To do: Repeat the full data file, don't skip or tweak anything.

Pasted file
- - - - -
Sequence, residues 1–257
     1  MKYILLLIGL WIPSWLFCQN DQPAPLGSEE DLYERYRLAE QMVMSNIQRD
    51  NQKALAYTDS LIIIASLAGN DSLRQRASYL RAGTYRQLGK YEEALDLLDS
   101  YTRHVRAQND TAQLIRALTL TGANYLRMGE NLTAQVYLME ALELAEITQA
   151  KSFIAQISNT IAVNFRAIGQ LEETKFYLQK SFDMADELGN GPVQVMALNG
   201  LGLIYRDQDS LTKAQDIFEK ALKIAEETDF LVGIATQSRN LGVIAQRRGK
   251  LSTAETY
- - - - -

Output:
Sequence, residues 1–257
     1  MKYILLLIGL WIPSWLFCQN DQPAPLGSEE DLYERYRLAE QMVMSNIQRD
    51  NQKALAYTDS LIIIASLAGN DSLRQRASYL RAGTYRQLGK YEEALDLLDS
   101  YTRHVRAQND TAQLIRALTL TGANYLRMGE NLTAQVYLME ALELAEITQA
   151  KSFIAQISNT IAVNFRAIGQ LEETKFYLQK SFDMADELGN GPVQVMALNG
   201  LGLIYRDQDS LTKAQDIFEK ALKIAEETDF LVGIATQSRN LGVIAQRRGK
   251  LSTAETY